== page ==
tically alike, generally dropping almost perpendicularly into the earth for about six to nine inches, with the opening a little larger than the rest of the cylinder; but the doors are different. Stasimopus has a thick cork-like door, with bevelled edge, which fits into the hole, being a little larger at the top than at the bottom. The thickness of the door of Gorgyrella varies; sometimes it is cork-like (though not so thick as the thickest Stasimopus lids), and, at other times, thin and not so firm and solid, in which case its bevelled edge is not so pronounced, and it more overlaps the edge of the hole. The lids of both are always on bare ground, covered with earth, and just flush with the surrounding surface. But there is one essential, and, as far as my experience goes, constant variation in the lids; that of Stasimopus is round, with a slighter hinge, which does not apparently break into the outline of the circle, while that of Gorgyrella is an incomplete circle, more or less D-shaped, with a broad, strong hinge. In the case of both, the silk that forms the hinge is so arranged as to act as an elastic spring which closes the door automatically. (The nest of Gorgyrella was unknown until I found it here, but I have sent some good specimens—as well as many other nests—to the museum, where they may be compared with those of Stasimopus; the spider itself is unrepresented—or at any rate unrecorded—in any European museums.)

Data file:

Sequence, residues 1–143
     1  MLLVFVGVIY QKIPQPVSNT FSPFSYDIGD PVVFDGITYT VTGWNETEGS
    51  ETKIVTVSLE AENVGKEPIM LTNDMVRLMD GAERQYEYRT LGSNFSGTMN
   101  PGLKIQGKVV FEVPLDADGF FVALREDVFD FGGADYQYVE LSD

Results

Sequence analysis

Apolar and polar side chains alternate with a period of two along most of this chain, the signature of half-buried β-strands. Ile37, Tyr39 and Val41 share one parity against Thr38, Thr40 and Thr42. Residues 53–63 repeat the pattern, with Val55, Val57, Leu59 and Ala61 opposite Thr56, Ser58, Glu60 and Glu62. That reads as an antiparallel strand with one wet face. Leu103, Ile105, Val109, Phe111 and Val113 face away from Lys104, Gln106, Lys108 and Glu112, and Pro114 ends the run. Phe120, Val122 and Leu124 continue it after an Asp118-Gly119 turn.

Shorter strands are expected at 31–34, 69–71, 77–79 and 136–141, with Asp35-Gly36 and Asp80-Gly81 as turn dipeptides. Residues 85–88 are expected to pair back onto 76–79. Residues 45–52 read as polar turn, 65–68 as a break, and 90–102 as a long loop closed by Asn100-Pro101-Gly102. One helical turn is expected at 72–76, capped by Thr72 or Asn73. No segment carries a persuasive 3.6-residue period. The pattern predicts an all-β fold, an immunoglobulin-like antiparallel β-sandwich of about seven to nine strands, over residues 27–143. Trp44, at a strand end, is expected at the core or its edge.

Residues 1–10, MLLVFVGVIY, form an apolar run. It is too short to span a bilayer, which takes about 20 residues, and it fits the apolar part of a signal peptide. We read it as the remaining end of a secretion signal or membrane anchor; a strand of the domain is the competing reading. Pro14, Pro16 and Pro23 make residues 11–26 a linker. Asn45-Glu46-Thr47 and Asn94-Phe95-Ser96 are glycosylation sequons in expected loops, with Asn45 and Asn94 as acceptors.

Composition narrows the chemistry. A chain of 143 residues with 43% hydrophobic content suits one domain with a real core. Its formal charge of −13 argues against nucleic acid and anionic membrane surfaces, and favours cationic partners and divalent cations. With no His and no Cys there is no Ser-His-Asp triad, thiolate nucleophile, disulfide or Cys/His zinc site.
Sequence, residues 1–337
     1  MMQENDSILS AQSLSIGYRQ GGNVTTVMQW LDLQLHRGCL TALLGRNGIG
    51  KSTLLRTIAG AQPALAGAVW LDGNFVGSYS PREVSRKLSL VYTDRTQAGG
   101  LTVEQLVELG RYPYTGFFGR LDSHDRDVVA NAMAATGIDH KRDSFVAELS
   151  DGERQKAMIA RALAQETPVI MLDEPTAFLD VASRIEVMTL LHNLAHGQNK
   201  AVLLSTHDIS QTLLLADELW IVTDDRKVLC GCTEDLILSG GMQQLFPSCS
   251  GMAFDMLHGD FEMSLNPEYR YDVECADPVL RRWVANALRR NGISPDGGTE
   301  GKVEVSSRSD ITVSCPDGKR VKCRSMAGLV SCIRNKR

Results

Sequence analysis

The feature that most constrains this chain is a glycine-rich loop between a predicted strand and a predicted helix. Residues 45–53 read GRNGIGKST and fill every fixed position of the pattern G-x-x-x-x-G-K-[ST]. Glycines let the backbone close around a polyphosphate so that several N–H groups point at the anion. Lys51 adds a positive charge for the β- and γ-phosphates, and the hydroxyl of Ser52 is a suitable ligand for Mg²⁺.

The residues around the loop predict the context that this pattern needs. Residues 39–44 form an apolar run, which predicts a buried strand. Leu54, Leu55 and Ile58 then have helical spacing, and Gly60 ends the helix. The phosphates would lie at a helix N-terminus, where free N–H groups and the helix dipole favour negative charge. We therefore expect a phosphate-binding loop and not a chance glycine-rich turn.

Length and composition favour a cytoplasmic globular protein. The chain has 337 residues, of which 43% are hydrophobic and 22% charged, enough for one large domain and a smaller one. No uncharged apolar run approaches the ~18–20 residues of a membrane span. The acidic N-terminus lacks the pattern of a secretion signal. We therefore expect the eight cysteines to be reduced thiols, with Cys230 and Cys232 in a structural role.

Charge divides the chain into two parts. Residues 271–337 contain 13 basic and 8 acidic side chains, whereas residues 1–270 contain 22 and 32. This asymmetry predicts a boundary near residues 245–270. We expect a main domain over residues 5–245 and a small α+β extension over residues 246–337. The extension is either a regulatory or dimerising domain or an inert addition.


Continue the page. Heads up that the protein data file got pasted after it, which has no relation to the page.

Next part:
It is only the females and young that build these nests; the adult males of the whole family are supposed to live under stones. Both sexes are nocturnal in their habits. The females are common but difficult to find; the males, however, are extremely rare; the male of Gorgyrella has never yet been found. I found one male Stasimopus, which was the second specimen in the South African Museum collection, only one other specimen—that in the British Museum—having been recorded previously. He is hardly recognizable as being what he is, for he is small (about half an inch long), black, with greatly elongated palps. He cuts a very diminutive figure beside his huge and powerful consort.
Among my Gorgyrella finds recently have been two with cocoons and one with young. It would seem that, when the eggs are laid and until the young are strong, the female shuts herself up in the hole; for in all three cases I found the lid closed down securely. The hole containing the mother and young was actually so fastened down that I had to tear it open all round the edge. I am not sure that the other two were also stitched down, but the ground had caked round the edges, effectually fastening them down.
These nests are difficult to discover, indeed almost impossible, except after rain, when, if you know where to look and what to look for, you may find a good many; for the holes being hollow, the lids